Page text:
Be truthful. False or misleading communication about a lawyer or the services a lawyer provides are always going to be an ethical violation.

Put up a disclaimer. At the bottom of my page there is a notice that the blog may be considered advertising and that I am not rendering legal advice.

Be careful of direct communication. Posting on a blog is just making information available. Directly communicating with someone opens the door to the creation of an attorney-client relationship, even if you did not mean to create one. I posted a few months ago about the Massachusetts position on putting emails on a website: [Problem with Email on Law Firm Websites], [Problem with Email on Law Firm Websites] and [Problem with Email on Law Firm Websites].

None of this is a reason not use social media tools. If you are an attorney, you just need to remember that you are an attorney when using them.

Monday, November 5, 2007

Improvements to the Interwoven Document Management System

Some representatives of Interwoven gave my group a look at the new searching tools that are coming out in their 8.3 release in December. These upcoming changes look like they will transform their document management system into a powerful knowledge management tool.

We use Interwoven Worksite as our document management system, with the Desksite client application and Filesite Outlook integration. We are lawyers. We write lots of agreements, memos and briefs. So, the document management system has always been our largest knowledge repository.

It has worked well to store and manage the document, but it has never worked well at retrieving the knowledge from the system. As I mentioned in earlier posts, a document management system typically is great on the management side and less on the knowledge side. The key role of the document management system is controlling the drafting of documents. It makes it easier to identify particular documents, fetch them back from the system, and edit them. A document management system works great to recall particular sets of documents back from the system using profiled metadata, like client and matter designations.

The document management system usually comes up short in searching for a precedent or research. Interwoven is particularly hampered because the search engine in the product seemed to be underpowered for the multi-million number of documents in our system. The other problem was the scattering of information across the profile fields for a document. For example, I am looking for a purchase and sale agreement used by ABC Corp. to buy the Blackacre Shopping Center. The key terms in the search "purchase and sale agreement", "ABC Corp." and "Blackacre Shopping Center" may be in any number of metadata fields: the client name field, the matter name field, the document name field or the full text of the document itself. You would have to run multiple searches to deal with the multiple combinations of which fields may contain the search criteria.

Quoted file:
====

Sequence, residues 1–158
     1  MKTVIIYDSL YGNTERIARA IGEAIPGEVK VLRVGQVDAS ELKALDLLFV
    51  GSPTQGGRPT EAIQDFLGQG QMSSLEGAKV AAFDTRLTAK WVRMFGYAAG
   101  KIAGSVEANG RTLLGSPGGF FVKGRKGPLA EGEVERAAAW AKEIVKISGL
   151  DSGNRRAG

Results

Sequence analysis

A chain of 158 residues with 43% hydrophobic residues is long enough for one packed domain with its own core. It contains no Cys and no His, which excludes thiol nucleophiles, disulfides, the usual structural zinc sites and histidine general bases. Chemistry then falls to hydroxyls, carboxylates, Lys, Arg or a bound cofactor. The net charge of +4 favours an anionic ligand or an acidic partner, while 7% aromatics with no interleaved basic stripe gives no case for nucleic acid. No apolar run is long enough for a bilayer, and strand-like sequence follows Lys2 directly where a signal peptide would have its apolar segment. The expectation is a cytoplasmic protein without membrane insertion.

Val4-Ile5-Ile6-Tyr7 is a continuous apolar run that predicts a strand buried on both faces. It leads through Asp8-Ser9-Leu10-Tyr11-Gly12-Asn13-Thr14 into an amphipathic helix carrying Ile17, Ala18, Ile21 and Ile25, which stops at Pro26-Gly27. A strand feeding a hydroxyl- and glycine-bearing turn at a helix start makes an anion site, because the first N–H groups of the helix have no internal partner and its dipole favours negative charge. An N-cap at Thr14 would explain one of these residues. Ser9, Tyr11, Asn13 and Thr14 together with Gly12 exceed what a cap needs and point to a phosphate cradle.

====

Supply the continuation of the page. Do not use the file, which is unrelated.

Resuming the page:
Interwoven is planning to improve its performance in these types of searches with its new 8.3 release. The big change is adding in the Vivisimo Velocity search engine under the hood. This appears to give searches in the system a big boost in speed and responsiveness. This 8.3 release is separate from the Universal Search web-based product but uses some of the same hardware and indexing technology.

The first great change is Interwoven’s goal to give the user a single textbox to search. (Just like Google.) In giving the user one box to search, Interwoven combines that across all (or at least many) of the metadata fields. This new version should allow you to find my earlier example of the "purchase and sale agreement used by ABC Corp. to buy the Blackacre Shopping Center" just by typing into a single search box. The search will query the various metadata fields instead of the user having to guess which field may contain the information you need.

The next great change is that search results now come back based on relevancy, which is a huge boost to the usability of Interwoven for a research type of search. In its current version, Interwoven presents documents in a grid, sorted by one of the columns: title, last edit, date, document number, etc. That is useless when you are trying to find information on a subject. You want the deepest treatment presented first on the list, not the documents starting with the letter “A.”

We have been pouring our documents into the document management system for decades. We have been looking for better ways to better pull that information out and utilize it. This new release may finally allow us to release that.